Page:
Maybe if you get to know the woman she really is, you might grow some respect for her. This message is one that may well have a meaning for the “Wet’suwet’en Five”


 

 


When I heard Gloria say ” Many of our younger generation have no clue who they are” my first thoughts go to those young people up on Morice River Road, so full of hate and bitterness. Its not a healing center, its the core of the problem, the festering boil that needs to be cleaned.

Listen closely to how she describes that no matter what blood we have in us, we need to be proud of who we are, not hating that part of us that is not aboriginal, or the other way around.

We did a story that included her in the past, having no idea that this lady was one of the Hereditary Wet’suwet’en Chiefs who was axed by the men only club called “The Office of the Wet’suwet’en”.

If not for the role played by Gloria George, this “Wet’suwet’en Five” would likely be in retirement gowns not wearing prestigious Hereditary blankets. Gloria was such an ambitious woman with her organizing skills not only would the Friendship Center not be what it is today it might not even have existed without her, even the “The Office of the Wet’suwet’en” and the the famous Delgamuukw case, its questionable if they would have happened without her hard work.

Aboriginal people all across Canada owe their status cards to Gloria who was part of the group that had the law changed, so all aboriginals could be considered aboriginals, even Violet Gellenbeck has her Indian status thanks to Gloria.

Imagine Warner Naziel whose history started as an artist, with him winning the design for the Friendship Centers new building, end of accomplishments. And he will take over the prestigious title held by one of Canada’s hardest working aboriginal women is nothing short of the biggest contradiction in aboriginal history, and the least accomplished chief ever to hold the chiefs name “Smogelgem”.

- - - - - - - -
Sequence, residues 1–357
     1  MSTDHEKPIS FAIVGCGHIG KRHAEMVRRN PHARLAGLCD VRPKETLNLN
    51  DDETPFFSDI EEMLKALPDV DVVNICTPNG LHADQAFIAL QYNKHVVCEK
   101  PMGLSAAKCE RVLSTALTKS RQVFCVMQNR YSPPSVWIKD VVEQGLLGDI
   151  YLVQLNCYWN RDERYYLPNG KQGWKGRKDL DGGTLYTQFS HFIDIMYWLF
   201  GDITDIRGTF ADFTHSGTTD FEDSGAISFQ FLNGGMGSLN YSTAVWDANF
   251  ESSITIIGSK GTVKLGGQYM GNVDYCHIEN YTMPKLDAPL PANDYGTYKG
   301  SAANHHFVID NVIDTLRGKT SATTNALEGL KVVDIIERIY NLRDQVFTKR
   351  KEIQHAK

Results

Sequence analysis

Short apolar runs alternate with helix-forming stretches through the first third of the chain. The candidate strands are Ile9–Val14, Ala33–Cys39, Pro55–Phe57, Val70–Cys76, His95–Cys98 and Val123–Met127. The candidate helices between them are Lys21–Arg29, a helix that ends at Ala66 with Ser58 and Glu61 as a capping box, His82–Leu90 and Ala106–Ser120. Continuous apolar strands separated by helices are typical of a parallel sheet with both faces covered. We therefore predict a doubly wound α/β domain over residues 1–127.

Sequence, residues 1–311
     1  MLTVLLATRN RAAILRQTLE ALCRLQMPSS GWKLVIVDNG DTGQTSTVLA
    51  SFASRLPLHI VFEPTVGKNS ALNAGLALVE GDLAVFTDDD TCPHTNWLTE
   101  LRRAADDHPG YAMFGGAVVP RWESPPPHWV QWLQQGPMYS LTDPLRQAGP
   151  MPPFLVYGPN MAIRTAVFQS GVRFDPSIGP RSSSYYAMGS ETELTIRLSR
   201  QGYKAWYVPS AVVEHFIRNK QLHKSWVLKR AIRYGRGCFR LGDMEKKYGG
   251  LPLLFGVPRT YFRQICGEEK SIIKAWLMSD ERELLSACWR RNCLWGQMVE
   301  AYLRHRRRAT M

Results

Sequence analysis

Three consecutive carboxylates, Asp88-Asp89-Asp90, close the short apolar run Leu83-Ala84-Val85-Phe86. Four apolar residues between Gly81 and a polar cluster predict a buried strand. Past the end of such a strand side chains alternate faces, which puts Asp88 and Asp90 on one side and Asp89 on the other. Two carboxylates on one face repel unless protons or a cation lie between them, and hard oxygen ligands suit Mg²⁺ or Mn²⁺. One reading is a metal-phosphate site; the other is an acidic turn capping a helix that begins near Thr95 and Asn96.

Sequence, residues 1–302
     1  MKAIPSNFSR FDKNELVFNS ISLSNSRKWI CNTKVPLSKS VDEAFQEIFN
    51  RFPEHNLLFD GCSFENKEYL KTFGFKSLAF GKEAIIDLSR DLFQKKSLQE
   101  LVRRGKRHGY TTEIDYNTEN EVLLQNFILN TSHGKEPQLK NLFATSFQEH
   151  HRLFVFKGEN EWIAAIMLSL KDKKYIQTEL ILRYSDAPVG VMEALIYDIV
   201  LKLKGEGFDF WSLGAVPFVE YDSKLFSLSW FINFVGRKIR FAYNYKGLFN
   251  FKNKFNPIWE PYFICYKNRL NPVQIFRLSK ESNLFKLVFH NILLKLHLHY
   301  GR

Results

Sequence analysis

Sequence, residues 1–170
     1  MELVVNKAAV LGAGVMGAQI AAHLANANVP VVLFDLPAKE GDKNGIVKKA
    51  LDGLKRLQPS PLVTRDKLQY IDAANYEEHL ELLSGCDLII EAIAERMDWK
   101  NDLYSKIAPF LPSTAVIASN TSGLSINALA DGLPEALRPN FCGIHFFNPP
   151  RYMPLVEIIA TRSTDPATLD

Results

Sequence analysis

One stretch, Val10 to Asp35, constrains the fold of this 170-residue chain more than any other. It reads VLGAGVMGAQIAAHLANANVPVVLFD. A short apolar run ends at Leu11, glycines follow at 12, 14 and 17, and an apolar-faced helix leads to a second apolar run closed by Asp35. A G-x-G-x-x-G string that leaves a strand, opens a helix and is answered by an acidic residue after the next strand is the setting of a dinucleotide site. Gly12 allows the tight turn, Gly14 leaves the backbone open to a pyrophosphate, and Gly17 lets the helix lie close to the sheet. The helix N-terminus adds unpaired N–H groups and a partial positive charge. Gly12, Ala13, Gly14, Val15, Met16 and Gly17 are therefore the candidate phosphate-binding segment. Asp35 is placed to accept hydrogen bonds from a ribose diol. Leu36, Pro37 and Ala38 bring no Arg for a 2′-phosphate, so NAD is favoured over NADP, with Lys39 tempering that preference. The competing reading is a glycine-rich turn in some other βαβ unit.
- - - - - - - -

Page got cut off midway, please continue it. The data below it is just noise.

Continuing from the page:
If there was a single ounce of gentleman’s blood in that group of 5 dictators, they would have honored these women, who all have done so much for First Nations. They did not even have to agree with them, but like gang of thugs they went after 3 women who dedicated their lives to working for First Nations.

I am going to include a massive copy paste, because everyone needs to know the truth about who Gloria was and remains, one of the greatest Wet’suwet’en Hereditary Chiefs of all time. The original text can be found here.


 

Gloria Mary Maureen George, Indigenous politician, activist and public servant (born 24 July 1942 in Hubert, BC). A tireless advocate for non-status Indians, George was elected president of the Native Council of Canada in 1975, becoming the first and only woman to lead a major Indigenous political organization.

Early Life and Education

 

Gloria Mary Maureen George, who uses an English name for interacting with Canadian authorities and in her professional career, was born of Wet’suwet’en (Dakelh), St’át’imc, Cree, Welsh and French heritage. George’s Wet’suwet’en name is Goo-htse Awh, which is the title of sub-chief in her Laksamshu (Fireweed) clan. She also holds the title of hereditary chief, Smogelgem. George was raised traditionally, on a small farm in Hubert, British Columbia (near Prince George), in the ways of the Wet’suwet’en people. George grew up with her siblings and extended family, learning to respect the land and each other.

 

When she started attending school, George became, in her words, a “chameleon” because she dressed in the contemporary fashion for school, but returned to traditional dress afterwards. From a young age, George learned how to effectively move between the worlds of Indigenous traditionalism and Western culture.